“I’ve got the memory, always inside of me. But I can’t go back, back to how it was. I believe you now, I’ve come too far. No I can’t go back, back to how it was … this is home.” It sounds weird, but at some point during my hospital stay after my heart transplant, I realised I felt complete. A finished puzzle. Like somehow with two organs that didn’t originally belong to me, I am whole. I am finally at home in my body. Which is why I love Switchfoot’s song, because it captures a feeling that I can’t fully explain. My old heart was mine, but it never felt as good as my new one does. I’ve seen the contrast between my life then and my life now and I never want to go back.
Something I hate with a passion is when people tell me I am such a strong person because of everything I’ve been through. For me it has never been about strength, it has been about my overwhelming sense of perseverance and my love of life. I like the lyrics “life’s too short to be afraid, step inside the sun” because life is about taking risks. I didn’t hear this song until after I had my transplant and when I did I felt like a weight was being lifted off my shoulders. Suddenly it was okay to admit that my life was a mess and that I wasn’t as strong as people thought I was. All of that didn’t really matter, because in spite of it I would still be myself and “sing my song.” Once I realised being myself was okay, the song became a kind of personal anthem.
I had this song in my music library for years, but it didn’t mean anything to me until I stumbled upon it in May. That was back when this whole mess with the cytomegalovirus (CMV) began and I was feeling out of control and afraid. It’s simplistic, but I love the chorus, “If I just breathe, that’ll fill the space between; I know everything is all right. Breathe, every little piece of me, you’ll see, everything is all right.” There are so many times when I need to remind myself to just relax and breathe. Doing that helps me to let go of stress, and all of the situations I can’t do anything about. I generally believe that given time, everything will be all right. Whatever that looks like.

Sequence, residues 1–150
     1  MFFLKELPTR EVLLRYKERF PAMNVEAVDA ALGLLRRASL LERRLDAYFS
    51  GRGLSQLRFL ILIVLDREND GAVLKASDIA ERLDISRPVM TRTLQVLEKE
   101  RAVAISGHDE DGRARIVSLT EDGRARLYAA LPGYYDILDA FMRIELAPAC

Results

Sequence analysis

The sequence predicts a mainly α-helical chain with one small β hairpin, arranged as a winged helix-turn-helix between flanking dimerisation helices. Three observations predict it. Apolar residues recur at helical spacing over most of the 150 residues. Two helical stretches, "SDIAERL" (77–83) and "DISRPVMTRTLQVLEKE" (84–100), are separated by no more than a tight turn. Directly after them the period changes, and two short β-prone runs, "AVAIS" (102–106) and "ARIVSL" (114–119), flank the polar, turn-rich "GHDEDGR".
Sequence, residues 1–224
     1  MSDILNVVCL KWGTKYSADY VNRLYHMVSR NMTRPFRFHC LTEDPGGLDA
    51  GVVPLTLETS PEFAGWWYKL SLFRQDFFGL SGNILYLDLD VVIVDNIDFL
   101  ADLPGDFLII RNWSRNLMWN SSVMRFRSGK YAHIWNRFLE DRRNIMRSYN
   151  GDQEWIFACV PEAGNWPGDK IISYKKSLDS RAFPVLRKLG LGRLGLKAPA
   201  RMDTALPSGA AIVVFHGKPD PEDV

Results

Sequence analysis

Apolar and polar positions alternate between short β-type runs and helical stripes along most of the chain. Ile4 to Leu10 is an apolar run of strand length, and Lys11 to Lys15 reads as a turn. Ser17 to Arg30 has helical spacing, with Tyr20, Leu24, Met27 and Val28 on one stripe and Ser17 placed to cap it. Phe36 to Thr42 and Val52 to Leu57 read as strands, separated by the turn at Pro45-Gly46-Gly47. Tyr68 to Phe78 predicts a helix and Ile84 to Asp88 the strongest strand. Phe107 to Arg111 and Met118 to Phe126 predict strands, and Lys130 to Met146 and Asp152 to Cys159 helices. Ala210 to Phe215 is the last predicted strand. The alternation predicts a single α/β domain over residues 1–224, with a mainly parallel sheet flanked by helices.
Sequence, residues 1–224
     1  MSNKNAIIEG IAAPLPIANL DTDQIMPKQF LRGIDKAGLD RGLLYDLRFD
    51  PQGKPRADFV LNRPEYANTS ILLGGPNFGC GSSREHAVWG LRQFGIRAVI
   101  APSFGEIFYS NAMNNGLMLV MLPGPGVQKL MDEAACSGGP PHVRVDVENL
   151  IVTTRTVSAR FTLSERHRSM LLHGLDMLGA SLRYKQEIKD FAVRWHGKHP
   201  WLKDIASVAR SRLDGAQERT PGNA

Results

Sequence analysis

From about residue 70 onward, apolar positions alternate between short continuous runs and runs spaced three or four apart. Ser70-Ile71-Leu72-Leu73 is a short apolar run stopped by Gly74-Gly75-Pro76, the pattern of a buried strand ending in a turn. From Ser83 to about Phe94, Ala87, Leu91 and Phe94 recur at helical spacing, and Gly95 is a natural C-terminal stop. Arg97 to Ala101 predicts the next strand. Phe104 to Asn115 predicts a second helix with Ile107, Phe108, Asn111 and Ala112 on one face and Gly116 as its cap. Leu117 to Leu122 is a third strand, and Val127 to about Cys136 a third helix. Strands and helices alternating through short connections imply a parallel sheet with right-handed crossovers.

As I wrote before, it’s been a long year. There have been many times when I’ve been just trying to make it through the day, hoping the next one would be better. The best explanation for why this song makes my list can be found in my post Pushing Through For Summertime.
I freely acknowledge that my old heart served me well. When I had my liver transplant back in 1988, there was talk about performing a heart transplant too. My liver doctor at the time advised that we wait on the heart and just do the liver. His advice gave me another twenty-one years with my old heart, and a lot of living in that time. But my old heart always had problems, and I had to make sacrifices because of it. I loved Kelly Clarkson’s “Since You’ve Been Gone” before the heart transplant, but afterwards it took on a whole new meaning for me. Suddenly my old heart was like the ex-boyfriend Clarkson sings about so emphatically. My old heart and I started out friends, but since it’s been gone, I can literally breathe for the first time. And with my new heart, I’m moving on because I know what I want and I finally have the opportunity to achieve it. My new heart makes that possible.
Simply said, no matter how hard this past year has been, ever since it was placed in my chest I have been in love with my new heart. This past year I’ve enjoyed such pleasures as having a normal electrocardiogram, exercising without getting short of breath, having warm hands and feet, and being able to have a greater sense of independence than I did before. Not to mention a sense of freedom from impending death. My new heart has given me a new chance at life, and for that I will be forever grateful to it, my donor, and my donor’s family for making the decision to donate.